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pril has been Financial Literacy Month, which is great timing as I’ve been focusing this month on “spring cleaning” my finances and getting my money back in order (and spending under control.) I’ve definitely been guilty of lifestyle inflation lately and it’s a habit I want to get out of. Especially since I’m traveling so much this year, I’d much rather save up cash to be able to have great experiences rather than impulse shopping because I’m bored at home alone.
Obviously, the most important thing is to budget your money and track your spending so you know where it’s going. Every dollar has a job, and you are your own CFO – it’s on you to make sure those “jobs” are getting done. I won’t pretend to have the best budgeting spreadsheet or system, but I really like the tools on Learnvest and Mint. They connect with all your financial accounts and do the hard work for you, so you can log in to one place to see all your money matters.
This year, I have worked hard to get comfortable being uncomfortable. When I moved, my living expenses more than doubled, so I’ve had to cut out and cut back some of my favorite treats like daily Starbucks or weekly mall trips. Things that were by no means necessary, but little things that I enjoyed that made me happy. Cutting these and making coffee at home and having clothing swaps with friends have taken the place now, and while it’s a little out of my comfort zone, it’s definitely been worth it.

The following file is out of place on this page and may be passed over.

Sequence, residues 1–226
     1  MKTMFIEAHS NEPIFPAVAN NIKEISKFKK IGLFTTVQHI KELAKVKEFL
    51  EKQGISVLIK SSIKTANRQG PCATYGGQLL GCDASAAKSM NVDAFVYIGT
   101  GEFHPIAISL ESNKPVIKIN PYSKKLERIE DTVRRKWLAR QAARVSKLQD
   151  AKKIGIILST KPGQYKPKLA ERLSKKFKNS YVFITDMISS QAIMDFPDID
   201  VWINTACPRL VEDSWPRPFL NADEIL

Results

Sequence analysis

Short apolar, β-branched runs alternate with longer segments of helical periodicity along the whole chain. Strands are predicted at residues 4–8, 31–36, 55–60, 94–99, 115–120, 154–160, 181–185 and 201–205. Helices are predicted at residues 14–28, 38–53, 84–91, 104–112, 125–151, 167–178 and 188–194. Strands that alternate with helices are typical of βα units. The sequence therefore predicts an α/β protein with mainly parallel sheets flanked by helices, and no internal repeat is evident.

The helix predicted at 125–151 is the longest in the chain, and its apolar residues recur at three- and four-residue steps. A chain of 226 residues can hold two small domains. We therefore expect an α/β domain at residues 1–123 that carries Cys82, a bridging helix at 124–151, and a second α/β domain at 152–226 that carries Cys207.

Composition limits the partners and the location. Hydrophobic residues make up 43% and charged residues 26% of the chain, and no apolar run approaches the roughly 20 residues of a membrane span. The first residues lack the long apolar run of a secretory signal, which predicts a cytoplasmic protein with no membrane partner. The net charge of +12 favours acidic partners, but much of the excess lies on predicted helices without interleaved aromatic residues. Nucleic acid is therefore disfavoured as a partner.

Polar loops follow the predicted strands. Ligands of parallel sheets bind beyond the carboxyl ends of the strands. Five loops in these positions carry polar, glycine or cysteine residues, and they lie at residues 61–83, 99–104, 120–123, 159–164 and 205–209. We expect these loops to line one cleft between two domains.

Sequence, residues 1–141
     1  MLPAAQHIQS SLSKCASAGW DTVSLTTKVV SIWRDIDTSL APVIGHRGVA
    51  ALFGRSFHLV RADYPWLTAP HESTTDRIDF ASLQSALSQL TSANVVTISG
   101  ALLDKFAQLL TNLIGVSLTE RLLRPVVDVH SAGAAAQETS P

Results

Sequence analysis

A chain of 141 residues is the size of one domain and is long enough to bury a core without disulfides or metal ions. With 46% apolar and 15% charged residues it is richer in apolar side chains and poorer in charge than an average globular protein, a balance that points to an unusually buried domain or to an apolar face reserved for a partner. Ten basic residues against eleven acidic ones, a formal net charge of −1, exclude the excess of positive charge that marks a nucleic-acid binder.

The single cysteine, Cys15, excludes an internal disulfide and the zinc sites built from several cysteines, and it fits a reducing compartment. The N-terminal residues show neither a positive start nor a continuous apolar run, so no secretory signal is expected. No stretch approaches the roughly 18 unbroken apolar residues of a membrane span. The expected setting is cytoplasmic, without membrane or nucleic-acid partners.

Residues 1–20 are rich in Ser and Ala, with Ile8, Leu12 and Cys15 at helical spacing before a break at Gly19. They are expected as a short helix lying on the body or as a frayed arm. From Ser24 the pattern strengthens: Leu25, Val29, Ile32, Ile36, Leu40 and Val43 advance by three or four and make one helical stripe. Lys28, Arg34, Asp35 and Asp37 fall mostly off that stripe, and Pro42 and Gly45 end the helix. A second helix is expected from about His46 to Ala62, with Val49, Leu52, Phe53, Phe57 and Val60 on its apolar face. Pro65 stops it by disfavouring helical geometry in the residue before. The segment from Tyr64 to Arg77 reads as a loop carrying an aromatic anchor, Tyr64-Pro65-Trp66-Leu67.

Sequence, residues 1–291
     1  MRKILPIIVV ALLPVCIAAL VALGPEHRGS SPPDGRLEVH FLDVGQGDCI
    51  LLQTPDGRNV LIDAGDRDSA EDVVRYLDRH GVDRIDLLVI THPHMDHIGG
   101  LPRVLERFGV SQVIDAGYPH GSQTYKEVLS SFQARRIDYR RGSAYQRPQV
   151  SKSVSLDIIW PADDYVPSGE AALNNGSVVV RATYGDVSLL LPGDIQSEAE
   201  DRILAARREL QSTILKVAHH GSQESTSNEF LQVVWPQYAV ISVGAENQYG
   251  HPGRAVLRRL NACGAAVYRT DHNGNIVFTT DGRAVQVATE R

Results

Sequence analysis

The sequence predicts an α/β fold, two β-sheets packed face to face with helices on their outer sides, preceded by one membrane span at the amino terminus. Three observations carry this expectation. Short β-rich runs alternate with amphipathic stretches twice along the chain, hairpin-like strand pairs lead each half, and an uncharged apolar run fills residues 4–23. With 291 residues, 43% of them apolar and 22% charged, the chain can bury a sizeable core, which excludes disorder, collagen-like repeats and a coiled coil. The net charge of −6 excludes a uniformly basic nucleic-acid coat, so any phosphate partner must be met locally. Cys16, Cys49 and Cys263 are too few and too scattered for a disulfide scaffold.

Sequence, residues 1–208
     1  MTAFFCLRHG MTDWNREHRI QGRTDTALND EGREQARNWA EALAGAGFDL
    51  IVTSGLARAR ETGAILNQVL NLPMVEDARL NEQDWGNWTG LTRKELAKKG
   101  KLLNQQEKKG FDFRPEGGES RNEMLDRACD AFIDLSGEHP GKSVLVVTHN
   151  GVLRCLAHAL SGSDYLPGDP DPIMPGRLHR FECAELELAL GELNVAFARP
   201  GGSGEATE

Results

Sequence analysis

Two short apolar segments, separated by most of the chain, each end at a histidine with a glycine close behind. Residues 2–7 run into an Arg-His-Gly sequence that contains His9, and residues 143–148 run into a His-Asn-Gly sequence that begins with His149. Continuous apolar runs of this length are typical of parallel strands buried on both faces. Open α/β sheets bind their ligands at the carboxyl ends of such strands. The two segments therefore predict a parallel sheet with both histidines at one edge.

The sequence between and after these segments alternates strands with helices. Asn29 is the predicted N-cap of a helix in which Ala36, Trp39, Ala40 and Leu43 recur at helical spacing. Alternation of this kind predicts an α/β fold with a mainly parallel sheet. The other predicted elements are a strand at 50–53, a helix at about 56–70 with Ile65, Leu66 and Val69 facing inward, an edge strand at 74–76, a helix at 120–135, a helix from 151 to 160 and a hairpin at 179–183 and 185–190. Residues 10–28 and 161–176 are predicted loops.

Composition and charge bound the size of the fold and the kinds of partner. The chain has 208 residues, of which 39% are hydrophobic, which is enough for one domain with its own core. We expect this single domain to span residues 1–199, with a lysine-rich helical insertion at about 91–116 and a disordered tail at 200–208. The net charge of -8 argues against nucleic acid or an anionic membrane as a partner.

Another good way to keep an eye on your money is to track your income. For people who have just one salaried job where the paycheck doesn’t change each week, this is probably not imperative or even helpful – in my old job, I was salaried, and didn’t have any side hustles, so I always knew every month precisely what I was going to take home. Now that I have multiple income streams, my income varies. I always budget based on the bare minimum I know I’ll be making from my full time job, and track everything that is extra in order to see what I have left to play with (aka save for travel or pay down student loans.)
trim the fat – Going along with spring cleaning, this is a good time to look through your credit card or bank statements and see what you can cut back on or eliminate totally. If there’s a recurring subscription you haven’t used in months, get it out of there. If there’s a credit card with a low outstanding balance you can comfortably knock out, do it. It might also be a good yearly reminder to get on the phone to your cell phone and internet providers to remind them what a great customer you are and see if there might be a reduction they can offer you or a new discount you can take advantage of.
SAVE YOUR MONEY. Do whatever it takes, set up your budget in whatever way you’re most likely to a) stick to it and b) save money and spend purposely. I have to trick myself into pretending it’s a game. (Because I’m an adult.) I track the number of no-spend days I have in a row and celebrate if I break a streak. Things like that really help me want to be mindful of my money and concentrate on the ins and outs of it.
The most important thing in my financial journey has been reading personal finance bloggers. Some of my favorites are Budgets are Sexy, According to Athena, Money After Graduation, brokegirlrich, Vanessa’s Money, and Blonde on a Budget. The Billfold is one of my favorite reads as well. They all have fantastic resources and advice, whether you’re a finance all-star or just starting your budget for the first time, and sometimes it’s just nice to read through other people’s successes and failures as well.